Getting to Go!: Navigating the Entertainment Development Entitlement Process

The roadmap and timeline to ‘Go!’ when an entertainment development project has secured discretionary approvals for land, public-private partnership (PPP), and funding, are not a one-size-fits-all solution.

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Getting to Go!: Navigating the Entertainment Development Entitlement Process

The roadmap and timeline to ‘Go!’ when an entertainment development project has secured discretionary approvals for land, public-private partnership (PPP), and funding, are not a one-size-fits-all solution. The planning and scheduling will largely depend on what part of the world a site is located—which informs its applicable entitlement process, financing strategies, and degree of government support.  

Establishing relationships and developing the framework for these three critical components of land, PPP, and potential funding partners are the foundational pre-development work that needs to be completed by the time a project reaches Gate 1. The more research and due diligence performed at the front end into these three key workstreams can make all the difference in how smoothly or challenging the process can be.

‘Getting to Go!,’ or reaching the point of being ready to pass through Gate 2 where the project is deemed to be deliverable, is typically approximately 2 years, but can be as long as 5 years if not understood and well planned for.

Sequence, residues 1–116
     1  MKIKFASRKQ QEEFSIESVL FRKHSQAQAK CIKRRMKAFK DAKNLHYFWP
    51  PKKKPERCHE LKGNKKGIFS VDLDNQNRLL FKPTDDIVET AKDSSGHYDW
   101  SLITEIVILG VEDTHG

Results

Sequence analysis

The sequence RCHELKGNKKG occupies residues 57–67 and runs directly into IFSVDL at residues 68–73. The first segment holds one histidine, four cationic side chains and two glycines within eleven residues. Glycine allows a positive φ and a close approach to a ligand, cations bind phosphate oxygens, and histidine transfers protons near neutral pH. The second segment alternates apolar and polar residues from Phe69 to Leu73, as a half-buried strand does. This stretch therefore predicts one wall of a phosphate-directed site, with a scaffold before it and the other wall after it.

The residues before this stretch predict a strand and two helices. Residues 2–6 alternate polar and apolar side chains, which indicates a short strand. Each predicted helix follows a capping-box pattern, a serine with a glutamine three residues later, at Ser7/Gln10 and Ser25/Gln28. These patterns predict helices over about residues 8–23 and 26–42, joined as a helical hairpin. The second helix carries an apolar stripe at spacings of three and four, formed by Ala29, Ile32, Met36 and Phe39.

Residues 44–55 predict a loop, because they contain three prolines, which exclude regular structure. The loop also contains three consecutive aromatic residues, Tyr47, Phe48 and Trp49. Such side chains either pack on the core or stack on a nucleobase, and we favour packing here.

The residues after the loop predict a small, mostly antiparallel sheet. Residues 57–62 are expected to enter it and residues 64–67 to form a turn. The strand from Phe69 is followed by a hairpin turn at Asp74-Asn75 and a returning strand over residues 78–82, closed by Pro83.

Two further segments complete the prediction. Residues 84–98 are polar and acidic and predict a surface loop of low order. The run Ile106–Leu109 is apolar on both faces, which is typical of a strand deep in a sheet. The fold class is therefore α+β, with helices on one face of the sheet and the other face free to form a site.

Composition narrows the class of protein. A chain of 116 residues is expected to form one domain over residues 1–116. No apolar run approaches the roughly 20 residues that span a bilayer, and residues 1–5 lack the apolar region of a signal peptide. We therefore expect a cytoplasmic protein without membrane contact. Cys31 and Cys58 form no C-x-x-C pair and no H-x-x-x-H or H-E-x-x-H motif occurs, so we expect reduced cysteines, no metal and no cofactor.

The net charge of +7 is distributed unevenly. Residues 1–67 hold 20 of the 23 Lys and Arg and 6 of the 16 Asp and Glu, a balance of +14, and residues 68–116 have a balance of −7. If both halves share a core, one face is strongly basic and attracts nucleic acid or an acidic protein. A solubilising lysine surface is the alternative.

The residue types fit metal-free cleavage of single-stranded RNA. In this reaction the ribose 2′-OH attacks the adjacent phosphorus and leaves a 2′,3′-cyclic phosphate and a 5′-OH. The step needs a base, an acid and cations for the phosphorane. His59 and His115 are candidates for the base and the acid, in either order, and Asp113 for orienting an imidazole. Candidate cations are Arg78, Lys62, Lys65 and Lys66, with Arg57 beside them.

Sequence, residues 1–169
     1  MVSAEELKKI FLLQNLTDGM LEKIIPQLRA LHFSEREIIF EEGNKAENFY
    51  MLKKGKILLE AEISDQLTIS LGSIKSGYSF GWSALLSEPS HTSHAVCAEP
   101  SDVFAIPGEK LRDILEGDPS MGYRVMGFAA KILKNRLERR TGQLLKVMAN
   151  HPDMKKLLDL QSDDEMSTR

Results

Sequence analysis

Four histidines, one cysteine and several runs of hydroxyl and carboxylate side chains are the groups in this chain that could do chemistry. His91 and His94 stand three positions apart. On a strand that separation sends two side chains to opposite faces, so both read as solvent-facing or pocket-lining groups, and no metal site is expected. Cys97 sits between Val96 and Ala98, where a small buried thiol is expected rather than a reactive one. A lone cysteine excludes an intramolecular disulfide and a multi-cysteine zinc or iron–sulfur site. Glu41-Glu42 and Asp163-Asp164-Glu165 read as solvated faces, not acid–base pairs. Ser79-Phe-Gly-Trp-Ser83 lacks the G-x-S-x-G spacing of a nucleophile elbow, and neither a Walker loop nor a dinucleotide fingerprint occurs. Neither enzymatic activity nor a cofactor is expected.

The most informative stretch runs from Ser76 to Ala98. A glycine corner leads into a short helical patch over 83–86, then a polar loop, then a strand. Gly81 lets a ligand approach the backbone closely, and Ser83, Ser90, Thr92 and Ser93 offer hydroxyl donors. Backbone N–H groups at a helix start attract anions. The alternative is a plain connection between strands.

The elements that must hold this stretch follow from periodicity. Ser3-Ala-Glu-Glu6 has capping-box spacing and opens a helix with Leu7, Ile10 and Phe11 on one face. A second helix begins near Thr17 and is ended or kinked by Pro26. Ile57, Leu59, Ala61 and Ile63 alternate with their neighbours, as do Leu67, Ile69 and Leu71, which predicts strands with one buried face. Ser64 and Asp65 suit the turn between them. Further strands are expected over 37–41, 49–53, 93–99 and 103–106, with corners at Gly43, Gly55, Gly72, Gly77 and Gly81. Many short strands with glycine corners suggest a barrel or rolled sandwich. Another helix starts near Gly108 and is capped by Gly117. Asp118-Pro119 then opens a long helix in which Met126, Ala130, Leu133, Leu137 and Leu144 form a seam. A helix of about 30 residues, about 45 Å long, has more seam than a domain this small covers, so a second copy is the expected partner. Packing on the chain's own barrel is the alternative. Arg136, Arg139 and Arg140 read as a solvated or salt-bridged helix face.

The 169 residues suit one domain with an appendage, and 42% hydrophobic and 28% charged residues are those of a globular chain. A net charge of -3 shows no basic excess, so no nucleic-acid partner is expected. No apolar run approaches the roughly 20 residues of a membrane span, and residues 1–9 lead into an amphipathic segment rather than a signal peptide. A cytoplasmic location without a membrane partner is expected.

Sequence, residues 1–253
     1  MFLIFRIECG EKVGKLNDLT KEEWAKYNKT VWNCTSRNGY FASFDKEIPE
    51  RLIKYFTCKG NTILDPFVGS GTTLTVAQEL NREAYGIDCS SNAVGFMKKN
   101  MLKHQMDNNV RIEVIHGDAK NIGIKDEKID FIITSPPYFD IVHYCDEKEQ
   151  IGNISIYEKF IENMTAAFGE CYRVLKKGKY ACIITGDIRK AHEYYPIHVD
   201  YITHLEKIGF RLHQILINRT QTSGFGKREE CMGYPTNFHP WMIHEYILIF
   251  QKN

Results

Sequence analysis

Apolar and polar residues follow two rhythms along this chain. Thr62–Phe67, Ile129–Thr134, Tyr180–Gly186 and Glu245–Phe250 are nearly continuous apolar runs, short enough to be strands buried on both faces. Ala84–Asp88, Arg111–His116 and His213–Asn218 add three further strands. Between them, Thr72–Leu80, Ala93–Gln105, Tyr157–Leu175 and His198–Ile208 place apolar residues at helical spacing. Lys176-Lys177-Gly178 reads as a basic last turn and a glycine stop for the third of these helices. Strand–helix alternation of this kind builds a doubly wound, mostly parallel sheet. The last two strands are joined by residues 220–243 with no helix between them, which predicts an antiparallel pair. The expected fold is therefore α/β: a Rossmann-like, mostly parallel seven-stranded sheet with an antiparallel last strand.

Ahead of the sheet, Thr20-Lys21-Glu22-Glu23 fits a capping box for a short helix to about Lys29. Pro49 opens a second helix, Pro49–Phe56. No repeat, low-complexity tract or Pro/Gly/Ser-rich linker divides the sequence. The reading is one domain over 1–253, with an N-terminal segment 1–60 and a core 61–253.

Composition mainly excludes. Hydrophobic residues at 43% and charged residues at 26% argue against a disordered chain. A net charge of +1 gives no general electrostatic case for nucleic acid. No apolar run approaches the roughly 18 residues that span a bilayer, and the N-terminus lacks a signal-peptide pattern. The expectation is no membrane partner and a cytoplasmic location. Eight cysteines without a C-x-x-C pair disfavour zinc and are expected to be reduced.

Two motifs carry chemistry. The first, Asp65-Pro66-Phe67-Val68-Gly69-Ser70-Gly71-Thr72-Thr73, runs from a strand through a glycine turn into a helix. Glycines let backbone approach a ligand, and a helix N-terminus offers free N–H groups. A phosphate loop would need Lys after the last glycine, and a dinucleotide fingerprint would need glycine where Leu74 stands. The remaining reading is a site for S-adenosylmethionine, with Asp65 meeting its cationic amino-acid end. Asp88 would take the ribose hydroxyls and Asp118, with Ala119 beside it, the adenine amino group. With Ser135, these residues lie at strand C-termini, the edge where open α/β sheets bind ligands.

We will focus on the first workstream here: Land.

At nFusion, we typically assess a site by conducting a feasibility study to ensure the location meets market needs and warranted investment, as well as gain a deep understanding of who the regional competitors. We then look at the physical planning parameters of the site: size, the program, capacity, and parking required.

That said, prior to that study or at least parallel with those efforts, an assessment of other factors is needed. Land adjacencies, site constraints, transportation, and utilities infrastructure availability and access are critical site factors to evaluate and then investigate. If a site is determined to be feasible, all those considerations then affect land use planning and budget, as well as how you frame the PPP proposal.

The entitlement process is one of the most important aspects of development as it, in simple terms, provides permission to develop the type of project that a developer wants to realize. It can be a complicated, time-consuming, and expensive process especially in major metropolitan cities where land is scarce and land values are high—of course, the best markets to drive attendance.

Considerations for entitlements that may affect the schedule, cost and, ultimately, the decision as to whether this is the right site for a project, include:

Land Use Policy / Zoning: Do your project goals fit within the City’s vision set out by its leaders?